Asset Management

Benefit: Faster turnaround on service requests

All your employees, along with your IT and janitorial staff, can use a single app to report everything from a damaged tablet to a leaky sink in the bathroom. Service requests can be filed and assessed quickly, and updates and progress reports communicated seamlessly. The collected data can help you make purchasing decisions.

How to use it

Start tagging every device, asset, and piece of equipment with a serial number or QR code. This makes reporting issues easy. It is also helpful when a manufacturer issues a safety recall for a certain chair model—you can quickly locate those chairs throughout your workspaces.


Benefit: Healthier, happier employees who are engaged and productive

Many offices face pushback from employees when trying to implement IoT technology because it feels like an invasion of privacy. One way to respond to that is to show how these devices and apps provide a direct benefit to the employee.

How to use it

Allow your employees to opt into an app that lets them set and track progress towards activity goals. Start a competition—which team can reach their goals first? Who can log the most steps each week or attend the most “walking meetings”?

Learn more about overcoming employee objections: Passing the What’s-in-it-for-Me Test

There are sit/stand desks that connect to an app where each employee sets her preferences for the desk height. The app makes it easy for her to move to different workstations each day and have them automatically adjust to her preferences. In the meantime, you’re able to gather more data to make further improvements to her work environment.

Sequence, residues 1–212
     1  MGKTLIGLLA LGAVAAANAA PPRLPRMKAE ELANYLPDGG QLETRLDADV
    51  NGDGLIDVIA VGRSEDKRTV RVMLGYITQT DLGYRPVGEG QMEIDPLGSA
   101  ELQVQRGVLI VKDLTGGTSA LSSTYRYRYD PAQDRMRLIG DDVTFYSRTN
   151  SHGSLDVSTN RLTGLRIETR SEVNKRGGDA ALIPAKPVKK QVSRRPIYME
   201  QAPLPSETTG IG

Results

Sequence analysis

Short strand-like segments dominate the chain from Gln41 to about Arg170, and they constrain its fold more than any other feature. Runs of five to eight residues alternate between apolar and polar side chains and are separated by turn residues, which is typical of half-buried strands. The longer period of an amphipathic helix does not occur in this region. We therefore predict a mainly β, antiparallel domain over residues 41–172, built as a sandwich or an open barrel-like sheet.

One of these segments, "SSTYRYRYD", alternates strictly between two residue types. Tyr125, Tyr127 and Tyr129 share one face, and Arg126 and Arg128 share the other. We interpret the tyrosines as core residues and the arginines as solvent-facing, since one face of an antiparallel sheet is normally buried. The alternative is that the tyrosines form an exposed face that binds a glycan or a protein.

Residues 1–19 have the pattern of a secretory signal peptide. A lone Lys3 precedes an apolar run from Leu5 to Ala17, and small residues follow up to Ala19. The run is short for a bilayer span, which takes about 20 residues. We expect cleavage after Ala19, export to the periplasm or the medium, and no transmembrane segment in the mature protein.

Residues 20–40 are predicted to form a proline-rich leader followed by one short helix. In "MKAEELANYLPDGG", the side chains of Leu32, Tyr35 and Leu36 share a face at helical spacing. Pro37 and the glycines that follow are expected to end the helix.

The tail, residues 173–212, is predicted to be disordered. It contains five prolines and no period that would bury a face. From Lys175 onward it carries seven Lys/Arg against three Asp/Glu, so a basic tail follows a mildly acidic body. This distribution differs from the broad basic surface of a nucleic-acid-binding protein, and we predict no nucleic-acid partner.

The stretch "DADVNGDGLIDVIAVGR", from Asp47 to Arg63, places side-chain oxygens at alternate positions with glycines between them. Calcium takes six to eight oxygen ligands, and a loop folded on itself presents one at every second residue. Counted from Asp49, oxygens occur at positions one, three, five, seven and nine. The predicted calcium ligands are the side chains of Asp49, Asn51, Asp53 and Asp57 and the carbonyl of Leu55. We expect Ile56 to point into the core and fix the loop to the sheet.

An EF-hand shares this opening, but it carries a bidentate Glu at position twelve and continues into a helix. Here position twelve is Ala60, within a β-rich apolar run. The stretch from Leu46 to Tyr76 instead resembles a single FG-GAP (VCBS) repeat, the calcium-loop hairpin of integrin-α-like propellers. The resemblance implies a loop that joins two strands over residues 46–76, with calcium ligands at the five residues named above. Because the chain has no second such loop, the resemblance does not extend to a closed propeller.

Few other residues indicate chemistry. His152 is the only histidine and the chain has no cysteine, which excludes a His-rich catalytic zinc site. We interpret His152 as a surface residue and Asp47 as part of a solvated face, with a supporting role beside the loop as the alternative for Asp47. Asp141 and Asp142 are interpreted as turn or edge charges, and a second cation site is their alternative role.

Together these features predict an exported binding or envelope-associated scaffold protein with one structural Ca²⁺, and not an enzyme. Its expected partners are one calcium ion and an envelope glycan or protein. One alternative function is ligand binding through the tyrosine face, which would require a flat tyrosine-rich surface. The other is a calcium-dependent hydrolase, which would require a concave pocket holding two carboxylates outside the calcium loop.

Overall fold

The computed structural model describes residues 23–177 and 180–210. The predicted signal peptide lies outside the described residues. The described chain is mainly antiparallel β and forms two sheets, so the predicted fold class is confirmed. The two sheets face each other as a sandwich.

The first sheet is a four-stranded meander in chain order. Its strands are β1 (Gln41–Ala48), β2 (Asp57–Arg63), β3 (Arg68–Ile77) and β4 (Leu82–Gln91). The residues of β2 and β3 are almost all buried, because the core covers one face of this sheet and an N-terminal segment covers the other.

The Internet of Things for Business Will Only Grow from Here

One of the Internet of Things’ great business benefits is its flexibility. There’s not one particular device or technology that defines IoT, so you can choose the technology that makes the most sense for your business and add to your system or adapt it over time. You can also run pilot tests with certain devices in small areas before implementing them throughout your entire portfolio.

One thing is sure, though: the data to be gained from the Internet of Things for business will become more and more invaluable and far reaching. With software that integrates with this technology, you’ll be able to make better, data-driven business decisions about everything from facilities management to allocations.

Learn more about how Serraview’s space planning platform integrates with IoT technology. Request a demo today.


Why Employees Shouldn’t Be Worried About Location Aware Apps

There is a great scene in Season 4 of Parks and Recreation when Ron Swanson learns about “cookies” and Aubrey Plaza’s character winds up showing him Google Earth (spoiler alert: he throws his computer in the trash).

Most of us are more tech-savvy than Ron Swanson. We know that a lot of our personal data exists on the internet. We accept that fact because we get huge value from online services and communities. We actively allow mobile apps access to our location for a huge range of services:

  • Navigation (Google Maps, iMaps, Uber)
  • Social Connections (Find My Friends, Tinder)
  • Finding Services (Yelp, OpenTable)
  • Accessing Promotions (FourSquare, Facebook)

But when it comes to our work lives, should employees be worried about location-aware apps?

The key to location awareness is this: improve experience by reducing effort. In all of the above cases, location is providing real value to the consumer: improving safety, saving time, providing choices or saving money. Google Maps was so enormously successful because it made printing and studying physical maps obsolete. Uber took the guesswork out of finding an available taxi and removed all effort from payments.

So when employers are considering implementing location-aware apps, they need to ask: does it pass the What’s-in-it-for-Me (WIIFM) test?

Overcome objections by focusing on WIIFM

In the workplace, the most common objections to location awareness stem from a fear of micromanagement. If my employer knows my location, does that mean they are tracking my every movement? Will I get in trouble for a long lunch break? How exactly are they using this data?